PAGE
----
Was Augustus a Consummate Politician?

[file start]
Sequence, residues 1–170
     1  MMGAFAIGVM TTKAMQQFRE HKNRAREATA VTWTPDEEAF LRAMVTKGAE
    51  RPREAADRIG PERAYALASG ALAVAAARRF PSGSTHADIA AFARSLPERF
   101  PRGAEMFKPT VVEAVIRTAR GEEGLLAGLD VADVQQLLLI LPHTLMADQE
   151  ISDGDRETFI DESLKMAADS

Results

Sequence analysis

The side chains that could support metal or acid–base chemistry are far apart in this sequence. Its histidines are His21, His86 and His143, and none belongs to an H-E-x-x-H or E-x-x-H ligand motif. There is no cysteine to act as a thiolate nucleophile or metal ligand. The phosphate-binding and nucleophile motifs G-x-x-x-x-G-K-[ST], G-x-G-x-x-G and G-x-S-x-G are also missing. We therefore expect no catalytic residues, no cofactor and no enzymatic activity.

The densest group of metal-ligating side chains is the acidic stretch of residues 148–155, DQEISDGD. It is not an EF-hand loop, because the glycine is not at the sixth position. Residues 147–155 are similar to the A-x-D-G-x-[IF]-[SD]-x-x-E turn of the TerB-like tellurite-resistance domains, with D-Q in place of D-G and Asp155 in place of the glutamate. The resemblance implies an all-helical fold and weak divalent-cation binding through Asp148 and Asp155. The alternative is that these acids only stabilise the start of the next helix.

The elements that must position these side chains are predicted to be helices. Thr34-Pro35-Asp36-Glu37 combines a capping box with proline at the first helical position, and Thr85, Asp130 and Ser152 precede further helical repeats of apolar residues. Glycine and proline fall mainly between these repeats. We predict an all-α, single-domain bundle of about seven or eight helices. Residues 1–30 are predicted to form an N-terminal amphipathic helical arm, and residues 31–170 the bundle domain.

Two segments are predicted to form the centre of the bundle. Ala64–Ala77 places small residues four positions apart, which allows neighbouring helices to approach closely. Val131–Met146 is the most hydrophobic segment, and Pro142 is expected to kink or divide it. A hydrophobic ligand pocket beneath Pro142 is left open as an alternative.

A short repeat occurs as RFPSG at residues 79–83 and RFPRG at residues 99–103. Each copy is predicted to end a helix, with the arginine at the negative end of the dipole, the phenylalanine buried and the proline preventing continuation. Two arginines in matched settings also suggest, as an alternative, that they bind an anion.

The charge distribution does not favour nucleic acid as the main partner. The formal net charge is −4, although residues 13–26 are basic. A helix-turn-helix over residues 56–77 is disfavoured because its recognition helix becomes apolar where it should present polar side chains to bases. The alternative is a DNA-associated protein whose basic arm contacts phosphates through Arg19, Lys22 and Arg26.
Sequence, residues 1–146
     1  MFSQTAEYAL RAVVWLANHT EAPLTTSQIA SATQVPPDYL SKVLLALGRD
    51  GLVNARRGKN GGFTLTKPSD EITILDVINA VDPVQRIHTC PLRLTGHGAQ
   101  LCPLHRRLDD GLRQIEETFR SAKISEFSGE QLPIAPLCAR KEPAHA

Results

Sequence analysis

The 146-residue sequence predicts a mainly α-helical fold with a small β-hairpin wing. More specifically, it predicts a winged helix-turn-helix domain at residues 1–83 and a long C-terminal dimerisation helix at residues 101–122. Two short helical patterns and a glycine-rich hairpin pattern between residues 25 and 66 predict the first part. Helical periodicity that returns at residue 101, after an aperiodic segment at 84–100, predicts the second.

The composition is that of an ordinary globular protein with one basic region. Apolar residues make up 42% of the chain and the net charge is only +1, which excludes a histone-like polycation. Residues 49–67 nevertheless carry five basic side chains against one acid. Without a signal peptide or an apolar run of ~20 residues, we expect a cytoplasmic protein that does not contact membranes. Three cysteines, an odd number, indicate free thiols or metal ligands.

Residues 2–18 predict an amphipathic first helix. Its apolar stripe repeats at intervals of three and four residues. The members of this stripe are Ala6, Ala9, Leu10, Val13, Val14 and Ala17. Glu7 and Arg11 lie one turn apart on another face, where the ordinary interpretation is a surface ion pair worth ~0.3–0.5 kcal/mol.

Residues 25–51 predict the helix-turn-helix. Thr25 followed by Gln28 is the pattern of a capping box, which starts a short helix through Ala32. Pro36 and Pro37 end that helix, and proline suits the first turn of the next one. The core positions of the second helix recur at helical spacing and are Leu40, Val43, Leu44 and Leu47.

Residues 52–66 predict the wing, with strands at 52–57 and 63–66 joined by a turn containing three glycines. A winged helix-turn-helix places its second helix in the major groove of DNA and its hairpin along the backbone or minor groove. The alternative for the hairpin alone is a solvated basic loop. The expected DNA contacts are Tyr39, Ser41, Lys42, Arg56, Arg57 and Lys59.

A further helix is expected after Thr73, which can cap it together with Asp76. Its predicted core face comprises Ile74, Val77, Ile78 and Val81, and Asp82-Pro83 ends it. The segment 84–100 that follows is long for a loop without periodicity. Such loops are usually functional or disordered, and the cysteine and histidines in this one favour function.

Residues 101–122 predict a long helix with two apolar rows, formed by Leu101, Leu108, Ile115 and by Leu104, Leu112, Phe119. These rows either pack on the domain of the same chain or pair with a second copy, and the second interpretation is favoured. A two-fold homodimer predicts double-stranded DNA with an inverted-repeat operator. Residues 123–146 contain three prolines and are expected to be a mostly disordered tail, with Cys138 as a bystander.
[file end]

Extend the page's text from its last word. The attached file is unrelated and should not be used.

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Was Augustus a consummate politician? In the eyes of the average Roman citizen, Augustus was a consummate politician and excellent administrator. He achieved this reputation through his manipulative propaganda and administrative changes that benefited the people of Rome, such as his political and social reforms. However, Augustus faced opposition from both outside and within the family, including threats from Cornelius Gallus and his daughter Julia, which gives evidence of defective aspects of his principate and flaws in his administration. However, while Augustus was not consummate, he is still considered by many as Rome's greatest emperor. His policies and reforms initiated Roman peace and prosperity that enabled him to administer a close to perfect Empire. Augustus’ political reforms regarding the Senate and judicial system allowed him to enhance the lives of Roman people and perfect Rome’s image in the ancient world. He improved the functions of the senate and magistrate with the restoration of dignity and responsibility by increasing the fines of non-attendance and forbidding senators to leave Italy without permission. He also removed disreputable members, and in 18 BC, more than 300 senators were removed. Yet there was an unbalance in power, for Augustus carefully kept in his own control the ultimate sanction of the army by remaining responsible for those provinces needing a military presence, including Syria, Spain and Gaul. Augustus was a manipulative man, and his reforms were often aimed at accumulating more personal power, as Wallace-Hadrill argues, his power base was resignation, and he increased his hold over Rome by deviously manipulating the senate and the people. However, he was successful in establishing new order and contentment amongst members of the government, and according to Scullard, the Senate as a whole was restored to a position of
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